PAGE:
Quite often we have a gathering of ducks on the lawn in our backyard. Once they make their ungainly trek up from the edge of the river, they settle themselves in small clusters on the grass. They seem equally content on both sunny and cloudy days to sleep, groom themselves, and get up for an occasional waddle across the lawn or a periodic reentry into the water.

It’s quite peaceful to watch them blissing out in the sun, and nice to think of them each pursuing their separate needs—sleep, food, feather fluffing—while remaining part of a companionable group.

But inevitably one of the group will begin posturing, quacking, and making menacing head-lowering moves at a fellow mallard, for no obvious reason. Sometimes, the surprised duck under attack will take a stand and quack back, darting into the aggressor’s space, but he rarely gets any help from the crowd. 

Instead, the other ducks either stay neutral or they join the bully duck in chasing the hapless victim away. The alpha duck then beats his wings in the air and struts back to his place on the grass, while the neutrals return to grooming and sleeping. Until the next bully picks on a new victim.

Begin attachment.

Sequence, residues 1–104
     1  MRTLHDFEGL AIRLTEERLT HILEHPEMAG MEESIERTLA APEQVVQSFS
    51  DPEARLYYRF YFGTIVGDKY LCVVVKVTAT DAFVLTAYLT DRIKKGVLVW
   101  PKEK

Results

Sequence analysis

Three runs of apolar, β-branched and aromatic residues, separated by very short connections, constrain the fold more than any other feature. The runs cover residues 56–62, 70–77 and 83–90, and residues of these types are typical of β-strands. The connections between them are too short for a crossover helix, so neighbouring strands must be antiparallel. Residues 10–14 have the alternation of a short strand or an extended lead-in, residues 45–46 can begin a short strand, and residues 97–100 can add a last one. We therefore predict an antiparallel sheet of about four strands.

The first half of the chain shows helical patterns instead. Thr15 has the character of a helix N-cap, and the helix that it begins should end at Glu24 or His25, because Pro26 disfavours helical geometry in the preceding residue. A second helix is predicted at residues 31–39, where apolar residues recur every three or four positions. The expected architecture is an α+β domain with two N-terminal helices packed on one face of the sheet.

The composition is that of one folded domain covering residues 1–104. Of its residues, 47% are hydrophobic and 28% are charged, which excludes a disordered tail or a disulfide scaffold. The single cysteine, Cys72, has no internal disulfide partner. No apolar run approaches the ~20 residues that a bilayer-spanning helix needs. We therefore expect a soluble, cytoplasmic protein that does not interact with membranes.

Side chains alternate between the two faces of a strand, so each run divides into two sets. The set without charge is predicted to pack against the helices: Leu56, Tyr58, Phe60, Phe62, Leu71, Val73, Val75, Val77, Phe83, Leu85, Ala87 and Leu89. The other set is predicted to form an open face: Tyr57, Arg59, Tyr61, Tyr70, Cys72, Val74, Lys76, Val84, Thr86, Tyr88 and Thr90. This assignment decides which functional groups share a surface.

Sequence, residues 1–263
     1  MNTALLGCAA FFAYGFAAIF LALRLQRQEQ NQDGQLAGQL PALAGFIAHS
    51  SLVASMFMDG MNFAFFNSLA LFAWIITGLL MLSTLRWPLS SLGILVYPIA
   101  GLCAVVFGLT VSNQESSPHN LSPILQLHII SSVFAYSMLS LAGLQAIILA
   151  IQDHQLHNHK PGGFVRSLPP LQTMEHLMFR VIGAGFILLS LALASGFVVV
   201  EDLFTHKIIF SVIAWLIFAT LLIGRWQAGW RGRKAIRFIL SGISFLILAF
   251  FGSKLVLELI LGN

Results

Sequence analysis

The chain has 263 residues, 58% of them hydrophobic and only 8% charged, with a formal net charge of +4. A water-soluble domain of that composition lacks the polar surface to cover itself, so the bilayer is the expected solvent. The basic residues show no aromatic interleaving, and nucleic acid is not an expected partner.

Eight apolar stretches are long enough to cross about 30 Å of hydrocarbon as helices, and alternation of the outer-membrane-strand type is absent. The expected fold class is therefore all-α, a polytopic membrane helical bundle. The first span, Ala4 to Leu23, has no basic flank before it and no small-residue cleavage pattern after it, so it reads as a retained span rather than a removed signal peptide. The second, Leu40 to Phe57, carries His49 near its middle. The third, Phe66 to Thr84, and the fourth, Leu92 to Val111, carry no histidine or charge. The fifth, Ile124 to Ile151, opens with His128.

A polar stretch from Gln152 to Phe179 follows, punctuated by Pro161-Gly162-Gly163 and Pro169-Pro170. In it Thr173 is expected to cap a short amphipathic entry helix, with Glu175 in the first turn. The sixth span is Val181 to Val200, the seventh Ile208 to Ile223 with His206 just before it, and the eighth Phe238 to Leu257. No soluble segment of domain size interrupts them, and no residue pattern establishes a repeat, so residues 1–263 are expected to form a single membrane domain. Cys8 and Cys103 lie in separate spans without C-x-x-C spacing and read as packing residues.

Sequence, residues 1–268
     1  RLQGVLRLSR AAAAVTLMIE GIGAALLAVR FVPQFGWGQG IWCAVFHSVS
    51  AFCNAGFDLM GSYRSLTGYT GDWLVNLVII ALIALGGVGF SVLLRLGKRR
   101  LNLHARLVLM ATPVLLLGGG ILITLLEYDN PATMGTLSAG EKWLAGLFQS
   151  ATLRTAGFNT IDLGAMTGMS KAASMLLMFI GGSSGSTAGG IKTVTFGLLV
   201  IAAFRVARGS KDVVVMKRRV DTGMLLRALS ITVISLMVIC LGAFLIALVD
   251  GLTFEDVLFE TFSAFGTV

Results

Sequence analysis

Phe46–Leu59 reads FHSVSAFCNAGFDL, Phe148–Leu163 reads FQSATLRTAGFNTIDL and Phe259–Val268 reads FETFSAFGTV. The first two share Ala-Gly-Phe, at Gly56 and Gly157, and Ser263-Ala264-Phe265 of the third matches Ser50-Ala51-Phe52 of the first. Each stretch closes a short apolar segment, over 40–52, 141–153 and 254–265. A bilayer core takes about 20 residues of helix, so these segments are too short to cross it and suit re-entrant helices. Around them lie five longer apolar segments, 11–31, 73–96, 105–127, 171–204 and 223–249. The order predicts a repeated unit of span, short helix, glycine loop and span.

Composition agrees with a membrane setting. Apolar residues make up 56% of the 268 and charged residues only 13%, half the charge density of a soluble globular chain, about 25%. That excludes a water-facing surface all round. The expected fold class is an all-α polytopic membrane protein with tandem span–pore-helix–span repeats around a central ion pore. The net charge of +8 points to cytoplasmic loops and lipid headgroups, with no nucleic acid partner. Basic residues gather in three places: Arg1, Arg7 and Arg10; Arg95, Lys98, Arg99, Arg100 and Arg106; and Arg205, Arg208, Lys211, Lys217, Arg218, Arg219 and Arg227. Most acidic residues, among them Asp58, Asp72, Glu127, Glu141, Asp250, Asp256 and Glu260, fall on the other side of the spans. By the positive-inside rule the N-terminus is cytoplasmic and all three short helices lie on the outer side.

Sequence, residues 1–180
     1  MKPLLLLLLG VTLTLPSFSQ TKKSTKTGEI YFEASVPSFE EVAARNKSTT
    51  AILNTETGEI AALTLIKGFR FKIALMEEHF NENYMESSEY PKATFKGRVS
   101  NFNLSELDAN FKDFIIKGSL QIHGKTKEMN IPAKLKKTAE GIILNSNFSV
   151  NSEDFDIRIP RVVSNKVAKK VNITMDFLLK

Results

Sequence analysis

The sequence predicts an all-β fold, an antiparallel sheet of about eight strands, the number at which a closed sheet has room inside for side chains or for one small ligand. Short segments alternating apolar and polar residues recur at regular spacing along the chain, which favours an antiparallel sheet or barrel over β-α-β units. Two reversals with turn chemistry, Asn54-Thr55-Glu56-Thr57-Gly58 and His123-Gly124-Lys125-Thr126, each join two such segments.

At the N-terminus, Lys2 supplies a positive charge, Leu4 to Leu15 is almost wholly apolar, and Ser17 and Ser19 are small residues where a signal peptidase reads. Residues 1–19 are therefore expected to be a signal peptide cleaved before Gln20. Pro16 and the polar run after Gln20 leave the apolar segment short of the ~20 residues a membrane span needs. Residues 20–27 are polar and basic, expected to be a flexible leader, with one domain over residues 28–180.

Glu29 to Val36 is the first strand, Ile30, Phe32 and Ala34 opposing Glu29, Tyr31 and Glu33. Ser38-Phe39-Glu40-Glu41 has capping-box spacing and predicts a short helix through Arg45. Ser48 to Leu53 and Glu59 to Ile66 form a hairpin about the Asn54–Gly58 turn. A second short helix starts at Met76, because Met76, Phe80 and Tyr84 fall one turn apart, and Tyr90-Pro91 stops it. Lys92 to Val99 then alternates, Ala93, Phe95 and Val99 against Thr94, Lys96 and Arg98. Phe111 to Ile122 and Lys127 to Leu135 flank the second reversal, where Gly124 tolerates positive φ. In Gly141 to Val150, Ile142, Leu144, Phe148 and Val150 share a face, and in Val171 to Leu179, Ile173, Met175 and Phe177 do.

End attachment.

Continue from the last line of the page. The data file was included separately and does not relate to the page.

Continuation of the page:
I’m thinking of that today because I’ve been spending a bit more time on social media than I usually do, and I’ve noticed how often a seemingly innocuous or well-intentioned post or Tweet is met by the human equivalent of a madly quacking flock of ducks. If the poster attempts to explain the comment, or parry the thrust, it only intensifies the incensed quacking. Eventually the poster retreats to the margins to lick his or her wounds. It’s disheartening to see.

I get that we’re never going to always agree about everything, or even ever agree about some things. But we’re never going to get anywhere randomly squawking at others like deranged ducks, which seems to be the state of much of our online discourse these days.

And I’m not excluding myself from the problem. While I’m not prone to joining flocks or herds or social media mobs—as a committed introvert, I rarely join anything—I can be quite insistent on promoting my own point of view, both “in real life” and on social media. Which in turn means that I can also be quite resistant to ideas that conflict with it—and sometimes loudly enough to drown out information that doesn’t support my position.

Certainly staying off social media is an option—though it comes with the cost of less, or even losing, contact with people not in my immediate circle. Sticking only to “safe topics” is another, but sometimes we have to speak out. After all, there is that whole the-only-thing-necessary-for-the-triumph-of-evil-is-that-good-men-do-nothing thing to consider.

Instead, I think I’ll try making an effort to refrain from throwing stones in my particular glass house—and to avoid the online feeds of (and the real-life contact) with—people who substitute personal invective for persuasive evidence. If I falter, and an exchange of views has devolved to the point where I’m about say, “You are a moron,” I will substitute “Quack, quack,” spoken at a very low volume, as a reminder to myself to step away from the crazy. Wish me luck.